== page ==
The Physical Self-Image And The Mirror Problem
I’ve rarely liked pictures of myself. I don’t exactly know why; I’m definitely not ugly or anything. I suspect it has something to do with the psychological twist we all have: we prefer our own mirror image to that of photographs of ourselves. My mirror image is more good-looking, more familiar. I seem to tilt my head to the angle I think I look best at when I look in a mirror. I can never get that look in a photograph unless I take a picture of my reflection.
I don’t like our wedding photos, and I think I should. We weren’t rushed or anything to take them, but we got married in August. The sun in very bright in August, and we took most of our pictures outside, in the temple grounds in Albuquerque. We were squinting as it was, but apparently the light wasn’t at the right angle; the photographer took our her shiny disc and pointed it right in our faces. Even when she did the “close your eyes until right before I snap the shutter” trick, we’re still extremely squinty in our pictures.
Some of it has to do with my natural smile. When I grin fully without any thought of appearance, there’s an awful lot of gums showing and half of my teeth hidden. When I concentrate on my smile, it often looks forced. It looks contrived, like I’m upset and someone tells me to quit crying and behave for the camera.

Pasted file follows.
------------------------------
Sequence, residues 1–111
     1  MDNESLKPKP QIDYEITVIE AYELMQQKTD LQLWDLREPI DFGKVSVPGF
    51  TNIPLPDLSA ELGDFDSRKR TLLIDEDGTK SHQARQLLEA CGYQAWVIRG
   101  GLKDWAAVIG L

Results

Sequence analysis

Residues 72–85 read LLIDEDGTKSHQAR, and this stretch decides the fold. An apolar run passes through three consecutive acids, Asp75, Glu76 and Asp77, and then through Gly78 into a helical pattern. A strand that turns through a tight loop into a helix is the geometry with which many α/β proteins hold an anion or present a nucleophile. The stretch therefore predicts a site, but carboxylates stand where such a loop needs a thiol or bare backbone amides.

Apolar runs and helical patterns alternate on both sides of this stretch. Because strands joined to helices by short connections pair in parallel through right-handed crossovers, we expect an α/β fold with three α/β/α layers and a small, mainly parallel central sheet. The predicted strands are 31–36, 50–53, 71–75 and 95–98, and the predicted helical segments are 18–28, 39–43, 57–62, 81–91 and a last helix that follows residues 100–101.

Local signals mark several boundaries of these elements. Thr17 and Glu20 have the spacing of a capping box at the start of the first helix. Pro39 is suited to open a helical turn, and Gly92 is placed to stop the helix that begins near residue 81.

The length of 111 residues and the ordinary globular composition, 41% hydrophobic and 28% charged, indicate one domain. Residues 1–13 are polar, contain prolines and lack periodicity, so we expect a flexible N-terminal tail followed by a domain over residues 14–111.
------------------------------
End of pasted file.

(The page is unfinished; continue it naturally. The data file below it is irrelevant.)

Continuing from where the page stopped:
For five years of my life, I had braces. I got them on before I was a freshman in high school and had them taken off right before high school graduation. I wasn’t teased for them and didn’t mind the look of them, but I thought I personally looked better when I smiled with my lips closed. Of course, my mom has never liked the close-lipped smile. “Smile wider! You look so sad!” she’d say.
Sad? No. Melancholy was the look I was going for. Contemplative, thoughtful. Wry. I like all those adjectives, but people don’t usually think of those words when they think of Kate. They think cheerful, upbeat, bouncy. Radiant, even. And they, even my mom, expect that in my pictures.
There was always someone behind the camera who had an opinion. Until I took a picture of myself on the webcam and posted it here. And I realized that for the first time, I don’t have to rely on my camera and a mirror to ensure I get the self-portrait I want. I’m not fond of Myspace-looking pictures and have never taken one of myself in the bathroom mirror. For the first time can I point a palm-sized camera at myself and see on the screen what I look like before I click the button. And the camera is highly adjustable; its only restraints are the length of my arm and the length of the wire to its plug. The laptop is wireless; half an hour ago, I just took eleven self-portraits under the trees. And eight of them are perfect.
That’s what I’ve been doing for the past five mornings. I have five sets of self-portraits.